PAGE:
Perfect Days (2023)

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Perfect Days (2023). 2h 4m | PG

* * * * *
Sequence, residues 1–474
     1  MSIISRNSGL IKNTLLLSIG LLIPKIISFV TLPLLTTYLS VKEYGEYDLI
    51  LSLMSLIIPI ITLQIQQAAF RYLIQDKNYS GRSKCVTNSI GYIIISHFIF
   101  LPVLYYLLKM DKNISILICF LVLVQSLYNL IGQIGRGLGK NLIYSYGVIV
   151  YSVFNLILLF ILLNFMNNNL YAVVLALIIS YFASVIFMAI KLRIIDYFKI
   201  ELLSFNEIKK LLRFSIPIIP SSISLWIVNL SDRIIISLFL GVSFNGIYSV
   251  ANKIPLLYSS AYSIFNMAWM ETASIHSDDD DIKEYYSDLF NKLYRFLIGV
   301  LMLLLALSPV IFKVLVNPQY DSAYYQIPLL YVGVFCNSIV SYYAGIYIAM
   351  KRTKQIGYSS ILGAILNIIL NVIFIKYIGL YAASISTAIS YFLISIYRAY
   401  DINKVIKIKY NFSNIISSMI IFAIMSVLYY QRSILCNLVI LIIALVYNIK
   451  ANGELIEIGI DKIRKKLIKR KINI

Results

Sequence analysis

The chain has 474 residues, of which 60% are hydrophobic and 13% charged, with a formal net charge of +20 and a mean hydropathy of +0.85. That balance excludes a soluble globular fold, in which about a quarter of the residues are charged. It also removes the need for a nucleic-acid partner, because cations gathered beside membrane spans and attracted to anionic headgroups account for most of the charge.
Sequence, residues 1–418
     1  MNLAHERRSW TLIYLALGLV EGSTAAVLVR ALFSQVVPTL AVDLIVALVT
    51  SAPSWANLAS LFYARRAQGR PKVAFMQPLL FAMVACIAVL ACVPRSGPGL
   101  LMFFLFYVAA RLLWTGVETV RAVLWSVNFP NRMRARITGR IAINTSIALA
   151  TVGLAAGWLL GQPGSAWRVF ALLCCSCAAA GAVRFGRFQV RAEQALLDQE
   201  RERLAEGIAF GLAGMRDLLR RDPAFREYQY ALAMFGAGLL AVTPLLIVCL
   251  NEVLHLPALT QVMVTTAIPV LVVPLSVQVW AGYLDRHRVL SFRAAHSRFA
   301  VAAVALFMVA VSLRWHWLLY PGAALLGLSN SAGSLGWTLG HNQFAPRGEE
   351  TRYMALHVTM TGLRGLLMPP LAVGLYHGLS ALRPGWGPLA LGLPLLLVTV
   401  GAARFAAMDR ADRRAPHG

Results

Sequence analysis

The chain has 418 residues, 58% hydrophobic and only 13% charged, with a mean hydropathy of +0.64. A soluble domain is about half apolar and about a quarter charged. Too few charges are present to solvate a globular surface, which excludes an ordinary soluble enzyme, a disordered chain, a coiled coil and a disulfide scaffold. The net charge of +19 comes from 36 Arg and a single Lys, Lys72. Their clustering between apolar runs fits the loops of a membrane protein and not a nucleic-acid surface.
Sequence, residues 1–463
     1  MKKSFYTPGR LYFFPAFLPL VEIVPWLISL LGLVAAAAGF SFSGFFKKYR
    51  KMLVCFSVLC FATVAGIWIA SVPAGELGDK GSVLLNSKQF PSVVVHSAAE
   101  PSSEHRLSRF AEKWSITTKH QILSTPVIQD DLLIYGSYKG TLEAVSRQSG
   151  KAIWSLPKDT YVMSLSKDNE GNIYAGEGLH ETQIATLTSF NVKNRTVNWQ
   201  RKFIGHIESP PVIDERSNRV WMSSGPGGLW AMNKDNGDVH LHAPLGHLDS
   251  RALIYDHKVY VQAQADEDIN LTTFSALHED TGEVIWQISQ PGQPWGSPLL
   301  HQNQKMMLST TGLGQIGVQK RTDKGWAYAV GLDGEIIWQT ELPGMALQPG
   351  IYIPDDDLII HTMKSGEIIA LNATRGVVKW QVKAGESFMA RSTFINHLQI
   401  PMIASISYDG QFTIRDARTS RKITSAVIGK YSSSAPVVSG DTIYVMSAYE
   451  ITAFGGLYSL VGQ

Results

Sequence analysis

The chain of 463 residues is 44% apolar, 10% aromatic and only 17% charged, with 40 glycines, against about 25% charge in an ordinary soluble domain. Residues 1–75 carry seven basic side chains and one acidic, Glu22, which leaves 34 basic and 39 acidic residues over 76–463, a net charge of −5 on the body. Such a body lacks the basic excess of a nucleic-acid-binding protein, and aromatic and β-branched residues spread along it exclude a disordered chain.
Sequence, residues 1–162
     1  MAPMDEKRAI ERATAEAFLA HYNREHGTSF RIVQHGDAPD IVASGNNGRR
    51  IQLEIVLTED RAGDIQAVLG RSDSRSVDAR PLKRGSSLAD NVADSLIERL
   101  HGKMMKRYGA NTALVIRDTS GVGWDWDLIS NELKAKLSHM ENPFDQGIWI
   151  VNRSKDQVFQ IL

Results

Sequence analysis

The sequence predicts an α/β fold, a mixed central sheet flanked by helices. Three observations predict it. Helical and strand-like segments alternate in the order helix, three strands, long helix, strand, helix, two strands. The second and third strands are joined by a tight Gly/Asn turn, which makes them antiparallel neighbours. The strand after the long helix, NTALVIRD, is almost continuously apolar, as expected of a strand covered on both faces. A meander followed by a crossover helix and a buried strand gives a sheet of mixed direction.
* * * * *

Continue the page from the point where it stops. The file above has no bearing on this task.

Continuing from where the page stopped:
“Greetings again from the darkness. For most folks, life is a constant battle each and every day as we attempt to avoid the chaos stemming from work, health, friends, family, and overall stress. Sometimes we kid ourselves into thinking we have things under control, but inevitably, a sharp reminder pops up letting us know u0026quot;controlu0026quot; is a mirage, and life is meant to be more rollercoaster than smooth sailing. Longtime writer-director Wim Wenders and co-writer Takuma Takasaki have teamed up for this Oscar nominated film depicting one manu0026#39;s attempt to control his life.u003cbr/u003eu003cbr/u003eVeteran actor Koji Yakusho stars as Hirayama. Heu0026#39;s the proverbial creature of habit, which the first 45 minutes of the movie prove. We see him rise from sleep in his simple, well-organized apartment. He spritzes his plants, smiles at the sky, and drives his van to his job as a sanitation worker in the city. The logo on his jumpsuit is The Tokyo Toilet and we follow him on his rounds as he scrubs the public toilets … each structure more artistic than the last. When he pauses for rest, Hirayama takes photos of trees with his camera. Taking pride in his work, this man of few words, has found serenity in his routine which includes nighttime reading (Faulkner, Koda, and even Patricia Highsmith). While driving his van, Hirayama utilizes his carefully selected collection of cassette tapes to provide the classic rock he loves (The Kinks, Lou Reed, etc).u003cbr/u003eu003cbr/u003eGenerational and personality differences are apparent when contrasting Hirayama and his young assistant Takashi (Tokio Emoto). As the elder works towards a job well done, Takashi plays on his phone, flirts with a girl, a strives only for a job done so that he can move on to the more enjoyable evenings. The two are not friends, but the elder does seem to understand the desires and anxiousness of the younger man. At night, Hirayama does his reading and then dreams … visions we see in black and white, many which seem to relate to natureu0026#39;s beauty of the trees he photographs each day.u003cbr/u003eu003cbr/u003eWhen one is so meticulous about the steps for each day, it takes little to shake his world. It could be the actions of his co-worker, a kiss on the cheek, a recurring homeless man in the park, and certainly, the arrival of his teenage niece after she runs away from home. When his sister arrives to take the girl back, we sense the strain in their relationship – something from the past that still lingers. Itu0026#39;s these minor blips, along with an odd game of u0026#39;shadow tagu0026#39; that shake Hirayamau0026#39;s routine and open him (back) up to lifeu0026#39;s ups and downs. At first, we believe Wenders is showing us the difference between alone and lonely, as this man seems quite content. But the final shot is of Hirayamau0026#39;s awakening and acceptance, or at least acknowledgment, of the emotions to be found in uncertainty. Itu0026#39;s a wonderful film, beautifully directed, and expertly acted. u0026quot;Perfect Dayu0026quot; by Lou Reed and u0026quot;Feeling Goodu0026quot; by Nina Simone are two of the standout songs featured here.u003cbr/u003eu003cbr/u003eIn theaters beginning February 7, 2024.”


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